In the market to buy an RV? One of the big choices is whether to buy new or used. Buying a new RV can give you a measure of protection since your new unit will come with a warranty. Not every new RV is perfect, however, and if there are bugs to be worked out, you may spend some time going back and forth to the dealer.
As with a new car, once a new RV has rolled off the dealer’s lot, an amazing thing happens: depreciation. A motorhome just a few months old with even a few miles on it is now worth less than that brand-new unit back on the lot. For a used RV buyer, that’s an advantage—the first owner paid the price of depreciation. You may be able to buy a bigger rig with more features that appeal to you for the same price you’d have paid for a new one.
Still, buying a used RV doesn’t come without its own issues. If the RV hasn’t been cared for, the buyer is the one who gets stuck fixing the problems. Buying a used rig from an RV dealer will give you protection if you buy from a dealer who will stand behind the rig. Still, when evaluating a used rig, even from a dealer, make sure everything works. This means insisting that all appliances be shown to you in running condition—the water heater, furnace, stove, microwave, air conditioner, and especially the refrigerator. Take a thermometer with you and put it inside the refrigerator—if the temperature isn’t in the 30s, there’s a problem. Do a thorough test-drive of a motorhome.
If you find anything that needs to be fixed, don’t give a deposit, don’t sign any paperwork, don’t make any commitment to purchase until the dealer has fixed the problems, and proved that the problems really have been fixed. Once you’ve given money or “signed on the dotted line,” even if a dealer has promised he’ll fix the problem, he might not. Better to hang onto your cash!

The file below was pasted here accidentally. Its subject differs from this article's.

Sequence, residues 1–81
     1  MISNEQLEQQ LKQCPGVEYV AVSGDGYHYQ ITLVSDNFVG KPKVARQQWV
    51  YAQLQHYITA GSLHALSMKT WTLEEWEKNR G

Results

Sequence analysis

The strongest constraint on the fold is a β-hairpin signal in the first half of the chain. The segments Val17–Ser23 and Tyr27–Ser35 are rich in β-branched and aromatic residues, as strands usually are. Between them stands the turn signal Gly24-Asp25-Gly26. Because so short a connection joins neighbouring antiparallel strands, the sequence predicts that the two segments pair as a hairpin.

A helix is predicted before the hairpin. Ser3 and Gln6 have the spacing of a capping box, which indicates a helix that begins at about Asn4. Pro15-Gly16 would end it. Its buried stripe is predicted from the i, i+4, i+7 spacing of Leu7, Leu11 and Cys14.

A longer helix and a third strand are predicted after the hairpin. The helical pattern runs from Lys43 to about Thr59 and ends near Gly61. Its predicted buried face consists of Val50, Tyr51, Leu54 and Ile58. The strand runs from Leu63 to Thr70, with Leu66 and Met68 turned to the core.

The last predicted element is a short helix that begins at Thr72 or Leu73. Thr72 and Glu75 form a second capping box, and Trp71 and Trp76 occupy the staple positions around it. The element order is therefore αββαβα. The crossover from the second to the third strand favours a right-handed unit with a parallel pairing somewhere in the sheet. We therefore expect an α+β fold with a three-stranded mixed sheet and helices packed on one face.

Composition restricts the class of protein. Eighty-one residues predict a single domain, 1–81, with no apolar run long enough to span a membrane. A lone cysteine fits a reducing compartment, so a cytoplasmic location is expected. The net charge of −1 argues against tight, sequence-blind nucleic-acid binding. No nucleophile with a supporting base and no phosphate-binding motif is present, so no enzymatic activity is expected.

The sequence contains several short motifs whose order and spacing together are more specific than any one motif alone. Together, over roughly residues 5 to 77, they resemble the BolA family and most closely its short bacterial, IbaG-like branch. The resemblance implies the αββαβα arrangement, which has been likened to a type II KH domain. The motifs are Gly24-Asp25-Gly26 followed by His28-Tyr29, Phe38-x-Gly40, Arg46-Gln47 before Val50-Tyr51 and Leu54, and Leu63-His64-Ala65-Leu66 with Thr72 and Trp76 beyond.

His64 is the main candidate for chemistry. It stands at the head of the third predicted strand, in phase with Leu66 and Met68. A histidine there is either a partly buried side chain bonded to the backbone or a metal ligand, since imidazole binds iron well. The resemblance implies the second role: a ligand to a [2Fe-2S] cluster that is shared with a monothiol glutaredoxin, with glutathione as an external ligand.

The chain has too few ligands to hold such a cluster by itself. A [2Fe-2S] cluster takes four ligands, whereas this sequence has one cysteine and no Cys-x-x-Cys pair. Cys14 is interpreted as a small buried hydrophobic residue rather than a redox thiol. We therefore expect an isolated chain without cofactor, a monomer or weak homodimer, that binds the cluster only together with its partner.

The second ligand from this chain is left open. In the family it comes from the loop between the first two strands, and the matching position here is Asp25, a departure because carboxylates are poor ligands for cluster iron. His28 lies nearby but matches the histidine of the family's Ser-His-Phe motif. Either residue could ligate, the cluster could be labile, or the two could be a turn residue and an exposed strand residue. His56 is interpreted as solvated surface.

Regardless of whom you’re buying from, a dealer or a private party, make sure you really inspect the rig, top to bottom, inside and out. When you make your walk-through, open the cabinet doors, particularly the ones at ceiling height. Look inside those cabinets at the roof area. If you see any discoloration, peeling of materials, or any sign there may have been water, RUN, DON’T WALK, away from that RV. Water damage from a leak is perhaps the most dangerous damage to an RV because it can fatally damage the unit’s integrity. Don’t let anyone convince you that it’s OK, the leak was fixed. True, it may have been fixed, but hidden damage can haunt you.
Once you’ve settled on a rig that you really like and that meets your budget, have it carefully inspected. If you’re not sure of what you’re looking for, pay to have an expert look it over. This may mean taking the rig to a DIFFERENT dealership. If the dealer who is selling the rig has a fit about having a competitor do the evaluation, he might be hiding something. A private party shouldn’t have a problem with having the rig checked out, although if the rig has to be taken to a dealership, he may want to come along to make sure you’re not pulling something.
Where can you get a “good deal” on a used RV? You may find a good deal at an RV dealership, but be prepared to pay more than from a private party, though purchase from a private party might be riskier. Older folks who’ve bought an RV, lovingly cared for it, and finally had to hang up the keys are often an excellent source of good used rigs. If you hit the “Snowbird Belt” in areas of Texas, Arizona or Florida, you’ll often find rigs for sale by folks who’ve found they like living in the warmer climates so well, they’ve bought a “sticks and bricks” home there and no longer have use for the RV.
It’s not a bad idea to purchase an extended warranty on a used rig. If you buy the rig from a dealer, check his price offering on the warranty against the price you’ll be offered by an independent group.
Russ and Tiña De Maris are authors of RV Boondocking Basics—A Guide to Living Without Hookups, which covers a full range of dry camping topics. Visit icanrv.com for more information.